Advisor(s) - Committee Chair
Department of Geography and Geology
Master of Science
The laboratory-derived calcite dissolution rate law of Plummer et al. (1978) is the most widely used and mechanistically detailed expression currently available for predicting dissolution rates as a function of water chemistry. Such rate expressions are of great use in understanding timescales associated with limestone karst development. Little work has gone into the field testing of the rate law under natural conditions.
This work compared measured dissolution rates measured by a crystal weight loss experiment in Buffalo Creek within Fort’s Funnel Cave, which lies within a pristine, forested catchment of Mammoth Cave National Park. Continuous water chemistry sampling over the same period allowed a time-integrated prediction of the dissolution based on the Plummer et al (1978) expression. Results indicate that the rate law overpredicted dissolution by a factor of about ten. This concurs with earlier laboratory work suggesting that the law tends to overpredict rates in solutions close to equilibrium with respect to calcite, as were the waters in this study.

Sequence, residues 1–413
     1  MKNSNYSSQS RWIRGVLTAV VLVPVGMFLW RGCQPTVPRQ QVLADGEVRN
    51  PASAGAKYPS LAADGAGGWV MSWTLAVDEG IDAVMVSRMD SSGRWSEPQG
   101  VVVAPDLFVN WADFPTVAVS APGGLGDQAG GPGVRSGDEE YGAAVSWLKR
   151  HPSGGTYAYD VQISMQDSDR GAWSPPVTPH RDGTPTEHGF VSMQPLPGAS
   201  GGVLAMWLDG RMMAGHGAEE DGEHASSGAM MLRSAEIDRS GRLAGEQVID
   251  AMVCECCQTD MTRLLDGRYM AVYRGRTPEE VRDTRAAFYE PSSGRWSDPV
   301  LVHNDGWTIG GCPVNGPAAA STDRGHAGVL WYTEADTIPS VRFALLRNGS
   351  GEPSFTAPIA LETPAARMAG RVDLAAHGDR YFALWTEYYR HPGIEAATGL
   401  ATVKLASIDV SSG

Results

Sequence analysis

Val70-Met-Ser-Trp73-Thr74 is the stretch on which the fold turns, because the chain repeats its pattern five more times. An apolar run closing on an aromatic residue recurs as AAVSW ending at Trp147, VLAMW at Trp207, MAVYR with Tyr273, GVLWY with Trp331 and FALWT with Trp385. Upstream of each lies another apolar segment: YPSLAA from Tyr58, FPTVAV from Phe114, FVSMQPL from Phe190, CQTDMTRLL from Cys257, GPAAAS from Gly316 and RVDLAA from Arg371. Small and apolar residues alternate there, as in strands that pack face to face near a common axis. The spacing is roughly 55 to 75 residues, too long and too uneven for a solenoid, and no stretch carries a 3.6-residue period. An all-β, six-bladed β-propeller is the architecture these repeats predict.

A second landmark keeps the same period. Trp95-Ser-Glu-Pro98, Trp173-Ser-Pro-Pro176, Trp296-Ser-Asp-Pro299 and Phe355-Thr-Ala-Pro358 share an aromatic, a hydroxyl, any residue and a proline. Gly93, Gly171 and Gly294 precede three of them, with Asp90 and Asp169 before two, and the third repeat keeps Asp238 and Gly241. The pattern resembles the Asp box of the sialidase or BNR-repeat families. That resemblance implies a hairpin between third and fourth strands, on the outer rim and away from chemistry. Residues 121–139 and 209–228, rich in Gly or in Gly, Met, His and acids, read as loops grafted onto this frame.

Estimating dissolution rates with the expression under varying hydrologic conditions also allowed a prediction of storm scales change in cave forming processes. Neglecting effects of sediment masking on the bed, it was found that 78% of the work done in the dissolution of the cave passage during the study period occurred at or around baseflow conditions, with only a small amount during the effective but infrequent high flow conditions.
Earth Sciences | Geochemistry | Geology | Hydrology
Slunder, J. Scott, "Field Test of a Calcite Dissolution Rate Law: Fort’s Funnel Cave, Mammoth Cave National Park" (1993). Masters Theses & Specialist Projects. Paper 1415.